Raspberry Pi morphs into $30 SODIMM-style COM

The Raspberry Pi Foundation unveiled the $30 Raspberry Pi Compute Module, an embeddable computer-on-module version of the Pi, plus a companion baseboard.

Debian: 2896-2: openssl: Summary

  • LinuxSecurity.com; By Benjamin D. Thomas (Posted by bob on Apr 9, 2014 6:23 AM EDT)
  • Story Type: Roundups, Security; Groups: Debian
Debian Security Report Summary

DNSSEC Part II: the Implementation

This article is the second in a series on DNSSEC. In the first one, I gave a general overview of DNSSEC concepts to lay the foundation for this article, which discusses how to enable DNSSEC for a zone using BIND. In this article, I'm going to dive right in to implementation.

The gift of Grace: COBOL's odyssey from Vietnam to the Square Mile

  • The Register; By Dominic Connor (Posted by bob on Apr 9, 2014 4:49 AM EDT)
  • Story Type: Editorial; Groups: Developer, IBM
Cobol is the language most associated with mainframes, especially the IBM System 360 whose 50th anniversary is being celebrated or at least commemorated this week. But when COBOL was first spawned in the mid-1950s, it wasn’t intended for programmers.

Google woos enterprise developers with 'Glass at Work' program

Early adopters get increased tech support Google is making a push to get its Glass headsets into the workplace with a new program, "Glass at Work", to entice coders to build enterprise applications for companies wanting to get into the wearable computing platform.…

Slackware: 2014-098-01: openssl: Security Update

New openssl packages are available for Slackware 14.0, 14.1, and -current to fix security issues.

3.5-inch Atom E3800 SBC sports stackable expansion

WinSystems unveiled a Linux-ready, 3.5-inch SBC35-CC405 board with an Atom E3800 SoC, plus industrial temperature support, and MiniPCIe and “IO60? expansion.

Raspberry Pi Compute Module: new product!

Like proud parents, we want to free the core technology of the Raspberry Pi to go forth and become an integral part of new and exciting products and devices, and so today we are announcing the forthcoming Raspberry Pi Compute Module. The compute module contains the guts of a Raspberry Pi (the BCM2835 processor and 512Mbyte of RAM) as well as a 4Gbyte eMMC Flash device (which is the equivalent of the SD card in the Pi). This is all integrated on to a small 67.6x30mm board which fits into a standard DDR2 SODIMM connector (the same type of connector as used for laptop memory*)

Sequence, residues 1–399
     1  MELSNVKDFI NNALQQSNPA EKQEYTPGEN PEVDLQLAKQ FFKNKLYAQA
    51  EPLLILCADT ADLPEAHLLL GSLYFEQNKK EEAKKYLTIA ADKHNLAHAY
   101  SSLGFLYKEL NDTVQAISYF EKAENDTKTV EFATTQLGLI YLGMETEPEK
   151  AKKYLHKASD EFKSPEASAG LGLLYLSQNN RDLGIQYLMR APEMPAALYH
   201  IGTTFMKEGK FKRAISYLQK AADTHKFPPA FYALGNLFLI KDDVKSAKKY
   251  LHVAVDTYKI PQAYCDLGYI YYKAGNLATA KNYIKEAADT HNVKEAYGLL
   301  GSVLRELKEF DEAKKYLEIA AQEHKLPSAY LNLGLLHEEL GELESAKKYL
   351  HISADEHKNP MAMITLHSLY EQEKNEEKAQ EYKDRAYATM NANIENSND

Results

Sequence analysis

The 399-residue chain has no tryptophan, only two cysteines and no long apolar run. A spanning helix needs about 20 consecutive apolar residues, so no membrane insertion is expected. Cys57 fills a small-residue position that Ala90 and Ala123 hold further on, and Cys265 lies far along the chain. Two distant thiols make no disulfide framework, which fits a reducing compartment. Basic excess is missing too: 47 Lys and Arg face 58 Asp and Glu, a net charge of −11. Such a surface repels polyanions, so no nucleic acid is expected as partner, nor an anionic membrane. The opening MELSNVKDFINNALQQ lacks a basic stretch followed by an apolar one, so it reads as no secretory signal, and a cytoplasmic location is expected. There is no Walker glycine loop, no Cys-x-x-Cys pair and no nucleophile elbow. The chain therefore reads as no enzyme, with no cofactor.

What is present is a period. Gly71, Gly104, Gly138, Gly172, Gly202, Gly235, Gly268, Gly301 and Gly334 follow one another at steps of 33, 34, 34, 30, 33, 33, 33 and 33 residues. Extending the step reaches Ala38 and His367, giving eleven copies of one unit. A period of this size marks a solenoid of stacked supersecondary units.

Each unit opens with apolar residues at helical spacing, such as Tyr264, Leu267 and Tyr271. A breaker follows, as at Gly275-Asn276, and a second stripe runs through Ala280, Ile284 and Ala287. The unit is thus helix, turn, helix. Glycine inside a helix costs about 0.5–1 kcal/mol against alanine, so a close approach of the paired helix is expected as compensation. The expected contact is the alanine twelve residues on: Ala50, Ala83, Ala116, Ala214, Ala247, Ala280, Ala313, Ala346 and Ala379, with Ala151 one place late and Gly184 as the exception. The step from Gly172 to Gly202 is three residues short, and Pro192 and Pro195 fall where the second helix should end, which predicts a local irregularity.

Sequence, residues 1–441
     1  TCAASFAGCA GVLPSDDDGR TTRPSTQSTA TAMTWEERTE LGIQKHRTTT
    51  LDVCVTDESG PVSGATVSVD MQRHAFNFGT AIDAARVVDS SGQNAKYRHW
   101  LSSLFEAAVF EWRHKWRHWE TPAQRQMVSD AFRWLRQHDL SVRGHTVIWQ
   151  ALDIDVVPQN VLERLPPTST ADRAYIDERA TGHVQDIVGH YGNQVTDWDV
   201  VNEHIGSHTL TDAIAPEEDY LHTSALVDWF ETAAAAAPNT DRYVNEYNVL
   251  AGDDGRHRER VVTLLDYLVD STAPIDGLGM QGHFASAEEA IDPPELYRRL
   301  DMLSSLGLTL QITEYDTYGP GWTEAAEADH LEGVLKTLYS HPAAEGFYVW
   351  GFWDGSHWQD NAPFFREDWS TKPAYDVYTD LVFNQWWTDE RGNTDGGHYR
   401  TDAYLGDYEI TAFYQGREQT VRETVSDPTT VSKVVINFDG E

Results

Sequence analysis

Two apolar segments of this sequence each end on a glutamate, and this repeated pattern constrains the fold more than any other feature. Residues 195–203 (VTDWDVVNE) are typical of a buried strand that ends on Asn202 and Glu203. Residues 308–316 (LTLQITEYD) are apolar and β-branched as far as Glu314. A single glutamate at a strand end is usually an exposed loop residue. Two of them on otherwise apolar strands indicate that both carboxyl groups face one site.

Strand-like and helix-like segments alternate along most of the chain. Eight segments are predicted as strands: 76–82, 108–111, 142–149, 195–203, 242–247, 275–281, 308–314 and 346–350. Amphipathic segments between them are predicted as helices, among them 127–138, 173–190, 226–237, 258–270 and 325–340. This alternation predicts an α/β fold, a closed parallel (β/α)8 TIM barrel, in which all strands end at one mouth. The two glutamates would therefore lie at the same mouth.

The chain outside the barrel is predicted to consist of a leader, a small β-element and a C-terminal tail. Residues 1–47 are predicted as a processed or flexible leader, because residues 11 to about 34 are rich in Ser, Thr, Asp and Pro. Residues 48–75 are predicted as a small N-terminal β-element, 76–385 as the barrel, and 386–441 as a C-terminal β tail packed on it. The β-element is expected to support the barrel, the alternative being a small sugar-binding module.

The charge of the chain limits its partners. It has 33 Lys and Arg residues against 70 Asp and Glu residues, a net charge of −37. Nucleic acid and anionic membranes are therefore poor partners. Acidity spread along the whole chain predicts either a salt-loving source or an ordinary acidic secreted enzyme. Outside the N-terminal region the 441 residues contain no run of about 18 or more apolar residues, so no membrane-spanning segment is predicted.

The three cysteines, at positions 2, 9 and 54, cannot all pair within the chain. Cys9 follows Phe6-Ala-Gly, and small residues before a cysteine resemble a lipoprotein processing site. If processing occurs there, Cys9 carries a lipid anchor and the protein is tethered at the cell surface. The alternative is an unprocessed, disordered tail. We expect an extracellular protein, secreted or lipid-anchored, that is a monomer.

Why open infrastructure matters in the cloud

When reading a recent article by Red Hat CEO Jim Whitehurst, I was struck by a comparison made between OpenStack and the interstate highway system. The article in Wall Street and Technology, called "OpenStack: Five things every executive needs to know," mostly focused on the high points of where OpenStack is in its development cycle. But the highway analogy stuck with me.

Securing SSH On Redhat/Centos With WiKID Two-Factor Authentication

  • HowtoForge - Linux Howtos and Tutorials - Linux (Posted by bob on Apr 8, 2014 2:55 PM EDT)
  • Groups: Ubuntu, Linux; Story Type: News Story
Securing SSH On Ubuntu With WiKID Two-Factor Authentication SSH offers a highly secure channel for remote administration of servers. However, if you face an audit for regulatory or business requirements, such as Visa/Mastercard PCI, you need to be aware of some potential authentication related short-comings that may cause headaches in an audit.

How Git redefined open source software development

It's not hard to come up with a dozen different reasons why the rise of open source development has been a watershed event in both the software and hardware industries. All of us can build new web applications faster with our feet firmly planted on the shoulders of jQuery, Bootstrap, and Apache. Languages like Ruby, PHP, and Python power the Internet, and operating systems like Linux and FreeBSD provide the foundation for thousands of companies and services. But open source isn't just about the free tools we have access to, it's also about the community of developers that will help support crazy new ideas and give them a chance to thrive, grow, and change the world; ideas that would never see the light of day in a closed source world.